1) Thai stock market overview
Thailand’s SET Index closed at 1,588.72 points, decreased 1.64 points or 0.10% with a trading value of 48 billion baht. The analyst stated that the Thai stock market moved in sideways trends to strengthen its base after a series of decline last week. The market is looking ahead to earnings season, especially the banking sector. The analyst also recommended investors to monitor the U.S. jobless claim tomorrow.
2) Thai finance minister sees weaker baht as a boost for tourism revival
Thai Finance Minister Arkhom Termpittayapaisith sees a weaker baht as beneficial to the country’s post-pandemic tourism revival, which is the key to accelerating economic growth.
At the conference of finance ministers of Asia-Pacific Economic Cooperation in Bangkok, he said, “Thailand is value for money” and the baht remained competitive in the region and that the central bank should not worry about capital outflows.
This showed that the benefits of a weaker currency outweigh the downsides for the economy that is heavily reliant on tourism, and that the Bank of Thailand’s approach to tightening monetary policy was appropriate when central banks led by the Federal Reserve are using large hikes to combat inflation.
3) UK inflation rises to 10.1% in September
The consumer price index in the United Kingdom accelerated 10.1% in September, according to estimates published Wednesday by the Office for National Statistics, exceeding the 10% rise predicted by analysts polled by Reuters.
Inflation in the UK worsened in the year to September 2022, as the country’s cost-of-living crisis continued to slam people and businesses ahead of a harsh winter.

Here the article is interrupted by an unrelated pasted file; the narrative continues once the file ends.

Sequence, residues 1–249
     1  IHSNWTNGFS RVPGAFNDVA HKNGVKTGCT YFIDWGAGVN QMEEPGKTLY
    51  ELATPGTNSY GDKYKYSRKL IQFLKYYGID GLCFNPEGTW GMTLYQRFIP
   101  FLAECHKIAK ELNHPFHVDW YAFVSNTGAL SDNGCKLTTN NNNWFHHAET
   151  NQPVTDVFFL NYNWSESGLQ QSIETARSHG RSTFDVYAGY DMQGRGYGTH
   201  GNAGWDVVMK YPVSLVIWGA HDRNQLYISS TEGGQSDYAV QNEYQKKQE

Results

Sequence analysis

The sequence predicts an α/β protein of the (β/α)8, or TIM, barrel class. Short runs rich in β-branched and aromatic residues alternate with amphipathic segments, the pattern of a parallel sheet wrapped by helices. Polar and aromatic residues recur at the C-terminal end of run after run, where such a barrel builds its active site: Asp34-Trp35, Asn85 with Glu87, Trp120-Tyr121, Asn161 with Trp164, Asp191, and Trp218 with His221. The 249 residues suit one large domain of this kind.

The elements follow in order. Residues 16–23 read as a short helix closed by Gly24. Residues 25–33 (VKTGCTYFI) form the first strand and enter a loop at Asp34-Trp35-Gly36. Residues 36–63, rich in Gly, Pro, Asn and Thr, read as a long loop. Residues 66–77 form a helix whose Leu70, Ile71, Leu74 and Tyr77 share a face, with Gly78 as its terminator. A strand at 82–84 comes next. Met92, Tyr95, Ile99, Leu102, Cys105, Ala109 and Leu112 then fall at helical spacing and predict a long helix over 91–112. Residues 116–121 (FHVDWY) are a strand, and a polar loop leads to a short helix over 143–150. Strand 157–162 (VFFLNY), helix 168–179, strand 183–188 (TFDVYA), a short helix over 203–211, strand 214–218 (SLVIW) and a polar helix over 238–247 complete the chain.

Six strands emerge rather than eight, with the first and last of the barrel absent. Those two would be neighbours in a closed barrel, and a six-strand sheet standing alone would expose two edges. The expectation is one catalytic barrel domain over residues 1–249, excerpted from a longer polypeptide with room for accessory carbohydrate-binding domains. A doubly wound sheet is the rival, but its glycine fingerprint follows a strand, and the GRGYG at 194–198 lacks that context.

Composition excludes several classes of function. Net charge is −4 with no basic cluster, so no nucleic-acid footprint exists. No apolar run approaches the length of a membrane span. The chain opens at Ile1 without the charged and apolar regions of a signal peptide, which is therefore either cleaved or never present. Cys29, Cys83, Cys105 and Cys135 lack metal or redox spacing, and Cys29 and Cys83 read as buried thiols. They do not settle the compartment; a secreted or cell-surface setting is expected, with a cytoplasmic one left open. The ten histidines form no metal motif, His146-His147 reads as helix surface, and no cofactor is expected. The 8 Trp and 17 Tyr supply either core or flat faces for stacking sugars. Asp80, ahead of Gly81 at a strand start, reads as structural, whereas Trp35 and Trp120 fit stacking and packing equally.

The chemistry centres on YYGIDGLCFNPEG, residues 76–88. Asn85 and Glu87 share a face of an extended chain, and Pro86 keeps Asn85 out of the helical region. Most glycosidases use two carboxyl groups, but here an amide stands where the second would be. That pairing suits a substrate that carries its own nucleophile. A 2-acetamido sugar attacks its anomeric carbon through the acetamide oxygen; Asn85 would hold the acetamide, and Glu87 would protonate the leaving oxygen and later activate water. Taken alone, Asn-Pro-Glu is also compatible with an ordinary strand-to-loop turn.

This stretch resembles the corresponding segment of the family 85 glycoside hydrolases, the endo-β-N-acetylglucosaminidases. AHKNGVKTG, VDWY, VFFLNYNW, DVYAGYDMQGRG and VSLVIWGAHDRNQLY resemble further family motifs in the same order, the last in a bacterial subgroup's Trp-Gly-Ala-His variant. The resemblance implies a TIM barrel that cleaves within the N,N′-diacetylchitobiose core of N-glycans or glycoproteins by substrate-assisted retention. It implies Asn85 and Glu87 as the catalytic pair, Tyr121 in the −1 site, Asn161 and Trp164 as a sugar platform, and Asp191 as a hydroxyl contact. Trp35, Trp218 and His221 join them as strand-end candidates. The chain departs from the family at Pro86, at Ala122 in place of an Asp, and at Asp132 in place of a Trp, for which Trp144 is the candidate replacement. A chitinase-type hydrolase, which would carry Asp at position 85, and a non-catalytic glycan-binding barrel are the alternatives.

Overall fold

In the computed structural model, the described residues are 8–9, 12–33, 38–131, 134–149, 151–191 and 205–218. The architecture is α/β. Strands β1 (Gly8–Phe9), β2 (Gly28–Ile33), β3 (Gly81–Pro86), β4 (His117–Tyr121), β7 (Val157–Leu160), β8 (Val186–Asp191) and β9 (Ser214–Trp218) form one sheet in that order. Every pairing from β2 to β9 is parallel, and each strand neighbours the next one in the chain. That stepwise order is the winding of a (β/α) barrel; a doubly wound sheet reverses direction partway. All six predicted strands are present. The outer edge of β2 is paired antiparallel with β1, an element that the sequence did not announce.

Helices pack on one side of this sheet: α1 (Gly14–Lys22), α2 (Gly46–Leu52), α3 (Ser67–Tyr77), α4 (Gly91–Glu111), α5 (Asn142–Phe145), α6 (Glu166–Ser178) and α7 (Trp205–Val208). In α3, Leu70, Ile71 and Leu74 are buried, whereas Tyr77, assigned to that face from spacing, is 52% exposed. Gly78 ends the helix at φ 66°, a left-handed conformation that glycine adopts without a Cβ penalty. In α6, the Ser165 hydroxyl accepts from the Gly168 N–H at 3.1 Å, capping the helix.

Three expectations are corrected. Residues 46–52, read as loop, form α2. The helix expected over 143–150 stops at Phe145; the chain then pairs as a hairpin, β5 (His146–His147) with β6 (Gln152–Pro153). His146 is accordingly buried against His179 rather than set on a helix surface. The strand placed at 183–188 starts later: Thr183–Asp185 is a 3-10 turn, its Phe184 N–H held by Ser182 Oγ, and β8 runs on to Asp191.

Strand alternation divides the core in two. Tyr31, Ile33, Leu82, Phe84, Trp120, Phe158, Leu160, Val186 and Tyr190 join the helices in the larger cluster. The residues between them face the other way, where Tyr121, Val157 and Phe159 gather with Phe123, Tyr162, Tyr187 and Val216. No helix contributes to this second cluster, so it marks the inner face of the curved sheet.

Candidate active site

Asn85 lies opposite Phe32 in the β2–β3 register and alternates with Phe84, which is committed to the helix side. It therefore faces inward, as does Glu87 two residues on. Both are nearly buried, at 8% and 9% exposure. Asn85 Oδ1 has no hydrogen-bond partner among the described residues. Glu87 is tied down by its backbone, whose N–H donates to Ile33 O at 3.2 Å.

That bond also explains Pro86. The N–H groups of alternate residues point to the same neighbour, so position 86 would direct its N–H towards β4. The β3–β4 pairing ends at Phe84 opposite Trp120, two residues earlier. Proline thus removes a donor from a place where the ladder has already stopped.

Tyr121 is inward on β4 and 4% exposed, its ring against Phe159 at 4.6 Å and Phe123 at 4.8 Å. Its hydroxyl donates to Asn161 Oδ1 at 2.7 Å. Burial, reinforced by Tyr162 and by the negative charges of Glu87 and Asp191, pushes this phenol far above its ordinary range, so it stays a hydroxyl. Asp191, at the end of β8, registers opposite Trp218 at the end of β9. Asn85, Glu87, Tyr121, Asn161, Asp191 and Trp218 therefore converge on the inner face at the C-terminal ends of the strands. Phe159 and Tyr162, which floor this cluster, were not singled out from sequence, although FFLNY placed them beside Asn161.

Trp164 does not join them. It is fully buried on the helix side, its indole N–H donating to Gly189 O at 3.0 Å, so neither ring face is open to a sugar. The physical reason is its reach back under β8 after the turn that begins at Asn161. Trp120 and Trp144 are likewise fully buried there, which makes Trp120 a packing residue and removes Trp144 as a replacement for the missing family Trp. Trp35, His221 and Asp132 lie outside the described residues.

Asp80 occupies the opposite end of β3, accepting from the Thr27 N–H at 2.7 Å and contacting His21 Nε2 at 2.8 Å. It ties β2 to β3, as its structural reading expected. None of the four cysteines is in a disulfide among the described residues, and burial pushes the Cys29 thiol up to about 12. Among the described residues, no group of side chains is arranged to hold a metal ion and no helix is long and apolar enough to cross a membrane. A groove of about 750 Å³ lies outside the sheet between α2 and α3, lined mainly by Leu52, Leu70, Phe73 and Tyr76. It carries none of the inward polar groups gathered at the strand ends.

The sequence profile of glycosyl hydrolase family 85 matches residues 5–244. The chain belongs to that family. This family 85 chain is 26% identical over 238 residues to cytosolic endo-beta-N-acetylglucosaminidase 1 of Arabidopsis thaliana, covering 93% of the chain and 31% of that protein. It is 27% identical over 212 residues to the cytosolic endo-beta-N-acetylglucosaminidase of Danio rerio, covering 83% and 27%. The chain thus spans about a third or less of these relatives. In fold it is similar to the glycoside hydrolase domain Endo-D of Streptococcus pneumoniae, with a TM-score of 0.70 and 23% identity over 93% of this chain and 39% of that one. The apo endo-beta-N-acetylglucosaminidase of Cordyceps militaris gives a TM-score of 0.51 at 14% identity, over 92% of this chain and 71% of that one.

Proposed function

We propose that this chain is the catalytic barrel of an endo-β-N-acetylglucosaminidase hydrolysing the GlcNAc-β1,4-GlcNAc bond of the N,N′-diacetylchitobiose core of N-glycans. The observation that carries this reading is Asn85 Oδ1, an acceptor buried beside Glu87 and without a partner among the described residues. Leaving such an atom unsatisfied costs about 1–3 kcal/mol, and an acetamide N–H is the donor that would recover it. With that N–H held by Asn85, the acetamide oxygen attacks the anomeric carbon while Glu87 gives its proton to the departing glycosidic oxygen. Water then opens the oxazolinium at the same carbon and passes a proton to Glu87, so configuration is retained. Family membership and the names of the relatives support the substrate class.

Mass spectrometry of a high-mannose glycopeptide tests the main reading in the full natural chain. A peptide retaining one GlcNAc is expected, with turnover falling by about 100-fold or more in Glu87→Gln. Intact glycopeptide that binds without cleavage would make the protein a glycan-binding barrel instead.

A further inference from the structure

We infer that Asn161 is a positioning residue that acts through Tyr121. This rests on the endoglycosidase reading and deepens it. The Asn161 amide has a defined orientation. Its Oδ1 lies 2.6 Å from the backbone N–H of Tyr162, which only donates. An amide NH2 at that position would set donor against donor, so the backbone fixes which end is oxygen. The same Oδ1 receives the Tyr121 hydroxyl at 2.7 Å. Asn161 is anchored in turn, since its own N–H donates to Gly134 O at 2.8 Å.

Food prices went up 14.6% year on year, making it the biggest contributor to inflation in September. Transport prices rose 10.9% year on year, while furniture and household goods prices increased 10.8%.
Following the news, sterling sank against the dollar, trading at $1.1289, down from $1.1330.
4) Eurozone inflation revised down to 9.9% in September, still at record high
The Eurozone reported annual inflation of 9.9% in September, marginally lower than estimated earlier but still at record high, officials showed on Wednesday.
In September 2022, Eurostat, the European Union’s statistical office, stated that consumer prices in the 19 countries using the euro were 9.9%, up from 9.1% in August, though this was a downward revision from an initial estimate of 10%.
Rising energy prices accounted for 4.19 percentage points of the total year-on-year reading, with food contributing for another 2.47 points and services adding for 1.80 points.
Without volatile unprocessed food and energy costs, or what the European Central Bank refers to as core inflation, prices rose 0.9% month on month and 6.0% year on year.
Meanwhile, annual inflation in the European Union was 10.9% in September 2022, up from 10.1% in August. The rate was 3.6% a year ago.